Amazing House Built Using A Boeing 747
Hidden away in the Santa Monica Mountains, the 747 Wing House truly is one of a kind. Step inside an award-winning home created using the most unthinkable re-used building material – a disused Boeing 747.
After a 15-year search for the right plot of land, owner Francie spent US$50,000 on a de-commissioned Boeing 747, rescued from a graveyard of retired aeroplanes in the Californian desert.
Using precision laser technology, the wings and tail fins were removed and used to create the roofs of this unconventional home, dubbed the 747 Wing House. The spectacular finished house cost “millions and millions” of dollars to complete, says owner Francie. It’s eco-friendly and features two bedrooms, as well as a guest house.
The 747 wings are the perfect curvilinear design to float on top of the 2 buildings, providing an aluminium roof that requires minimal structural support. Panoramic glass facades maximise the stunning Los Angeles views and allow light to enter the living spaces.
It was the brainchild of Californian architect David Hertz. The biggest challenge Francie and David had to face was transporting the wings of the 747 to the 55-acre plot at this remote mountainside location.
It required a state patrolled escort, the closure of five Californian freeways and drafting in one of the largest cargo lifting helicopters in the world for the final leg of the journey. The result is a phenomenal yet tranquil home which floats effortlessly above the hills of Malibu, in true homage to its roots.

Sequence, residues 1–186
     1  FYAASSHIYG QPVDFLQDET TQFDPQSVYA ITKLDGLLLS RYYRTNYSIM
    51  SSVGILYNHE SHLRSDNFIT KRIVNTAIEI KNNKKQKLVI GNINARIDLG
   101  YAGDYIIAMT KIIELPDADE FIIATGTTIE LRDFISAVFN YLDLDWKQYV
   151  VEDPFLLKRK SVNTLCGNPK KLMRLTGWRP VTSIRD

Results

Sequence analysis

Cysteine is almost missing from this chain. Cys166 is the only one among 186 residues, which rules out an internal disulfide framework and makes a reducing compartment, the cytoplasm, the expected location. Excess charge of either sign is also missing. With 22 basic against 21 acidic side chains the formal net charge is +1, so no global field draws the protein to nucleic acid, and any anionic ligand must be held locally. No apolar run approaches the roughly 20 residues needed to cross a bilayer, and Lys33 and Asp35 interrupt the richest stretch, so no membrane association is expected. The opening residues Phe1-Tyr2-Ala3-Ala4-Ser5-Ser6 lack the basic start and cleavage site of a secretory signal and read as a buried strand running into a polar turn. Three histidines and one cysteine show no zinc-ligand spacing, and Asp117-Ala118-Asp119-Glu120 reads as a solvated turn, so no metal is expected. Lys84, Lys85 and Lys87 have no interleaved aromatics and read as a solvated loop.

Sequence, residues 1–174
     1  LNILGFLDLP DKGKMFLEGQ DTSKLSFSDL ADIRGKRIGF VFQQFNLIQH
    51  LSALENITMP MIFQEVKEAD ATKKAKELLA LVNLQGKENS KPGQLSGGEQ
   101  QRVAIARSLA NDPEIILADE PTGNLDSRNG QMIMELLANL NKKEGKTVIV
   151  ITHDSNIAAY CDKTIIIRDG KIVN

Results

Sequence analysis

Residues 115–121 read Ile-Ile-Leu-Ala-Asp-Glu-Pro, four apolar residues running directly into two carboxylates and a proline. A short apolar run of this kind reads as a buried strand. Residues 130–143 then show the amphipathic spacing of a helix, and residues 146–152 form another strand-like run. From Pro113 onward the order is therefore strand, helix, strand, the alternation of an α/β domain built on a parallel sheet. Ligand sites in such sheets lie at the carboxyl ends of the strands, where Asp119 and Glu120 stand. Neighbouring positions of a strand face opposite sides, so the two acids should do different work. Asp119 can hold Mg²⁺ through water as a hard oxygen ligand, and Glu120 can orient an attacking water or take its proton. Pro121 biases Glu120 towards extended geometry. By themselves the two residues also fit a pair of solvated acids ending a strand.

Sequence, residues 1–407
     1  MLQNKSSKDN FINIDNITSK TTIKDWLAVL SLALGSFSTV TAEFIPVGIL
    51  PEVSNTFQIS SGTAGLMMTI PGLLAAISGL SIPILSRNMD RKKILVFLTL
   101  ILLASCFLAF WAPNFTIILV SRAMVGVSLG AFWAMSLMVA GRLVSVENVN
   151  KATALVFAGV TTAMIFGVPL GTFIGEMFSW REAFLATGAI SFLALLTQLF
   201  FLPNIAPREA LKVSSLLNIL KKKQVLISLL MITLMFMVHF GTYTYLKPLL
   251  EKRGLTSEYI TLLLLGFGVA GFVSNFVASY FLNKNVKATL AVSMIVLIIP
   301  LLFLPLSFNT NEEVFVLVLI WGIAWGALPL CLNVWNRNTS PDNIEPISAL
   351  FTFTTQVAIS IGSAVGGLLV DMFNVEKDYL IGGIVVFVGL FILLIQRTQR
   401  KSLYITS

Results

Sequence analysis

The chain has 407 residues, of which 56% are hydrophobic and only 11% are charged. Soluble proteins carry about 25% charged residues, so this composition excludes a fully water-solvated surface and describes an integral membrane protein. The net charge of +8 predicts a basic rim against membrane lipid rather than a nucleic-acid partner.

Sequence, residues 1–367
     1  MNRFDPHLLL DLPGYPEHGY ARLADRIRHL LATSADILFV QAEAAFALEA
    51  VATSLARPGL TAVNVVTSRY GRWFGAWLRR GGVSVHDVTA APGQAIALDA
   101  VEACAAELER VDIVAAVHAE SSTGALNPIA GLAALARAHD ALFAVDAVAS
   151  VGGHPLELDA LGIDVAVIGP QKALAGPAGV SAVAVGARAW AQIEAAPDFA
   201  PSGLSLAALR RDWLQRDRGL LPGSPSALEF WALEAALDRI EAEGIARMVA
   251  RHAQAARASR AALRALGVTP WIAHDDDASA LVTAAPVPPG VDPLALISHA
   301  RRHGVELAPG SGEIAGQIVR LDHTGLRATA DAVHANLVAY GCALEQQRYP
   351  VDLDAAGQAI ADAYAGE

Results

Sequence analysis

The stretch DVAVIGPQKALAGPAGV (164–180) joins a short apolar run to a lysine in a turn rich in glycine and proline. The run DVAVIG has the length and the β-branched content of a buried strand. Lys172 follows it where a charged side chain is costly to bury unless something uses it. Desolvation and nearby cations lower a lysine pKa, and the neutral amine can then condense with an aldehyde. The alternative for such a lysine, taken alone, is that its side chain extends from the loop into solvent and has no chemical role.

Profile of David Hertz
David Hertz is founder and president of S.E.A. David is a native Angeleno born in 1960 and resides in Venice, California. He became interested in architecture as an adolescent.
And, at an early age, became interested in human habitation and the juncture between the natural and built environment. Serving as an apprentice to artists and working in construction trades gave David a tacit knowledge of construction and fabrication. With combined studies at UCLA, he enrolled at SCI-ARC (The Southern California Institute of Architecture), where there was a real interest in ecological design at the time.
While there he obtained a strong foundation in pragmatic environmental design. Before graduating, in 1983, with a Bachelor of Architecture degree from SCI-ARC, David worked in the office of Architect, John Lautner FAIA (formerly an apprentice to Frank Lloyd Wright). After travel and study in Europe, David returned to serve an internship in the office of Frank O. Gehry and Associates FAIA before opening his own firm, Syndesis Inc., in 1984.
David Hertz and the work of Syndesis has been widely exhibited and published and has received numerous awards for architectural and materials design work, including the 1990 Progressive Architecture Magazine’s Young Architects Competition, the Architectural League of New York’s Young Architects Competition and Forum, and the 1993 Design Leadership Award sponsored by Inc. Magazine and Corporate Design.